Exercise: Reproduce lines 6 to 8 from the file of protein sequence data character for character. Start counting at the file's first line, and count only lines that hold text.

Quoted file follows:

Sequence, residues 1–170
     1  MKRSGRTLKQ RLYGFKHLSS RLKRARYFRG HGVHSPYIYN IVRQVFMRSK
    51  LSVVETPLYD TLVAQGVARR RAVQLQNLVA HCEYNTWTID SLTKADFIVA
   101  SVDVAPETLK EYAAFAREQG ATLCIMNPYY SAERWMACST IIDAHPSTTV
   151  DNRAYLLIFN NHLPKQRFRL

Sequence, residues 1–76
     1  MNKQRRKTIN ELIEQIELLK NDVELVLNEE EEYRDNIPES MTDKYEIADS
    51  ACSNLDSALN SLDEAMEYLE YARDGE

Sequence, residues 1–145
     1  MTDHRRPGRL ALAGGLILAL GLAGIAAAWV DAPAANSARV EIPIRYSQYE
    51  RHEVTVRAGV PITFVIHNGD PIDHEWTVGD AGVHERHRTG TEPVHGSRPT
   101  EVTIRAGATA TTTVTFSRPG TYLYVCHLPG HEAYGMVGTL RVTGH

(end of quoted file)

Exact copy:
Sequence, residues 1–76
     1  MNKQRRKTIN ELIEQIELLK NDVELVLNEE EEYRDNIPES MTDKYEIADS
    51  ACSNLDSALN SLDEAMEYLE YARDGE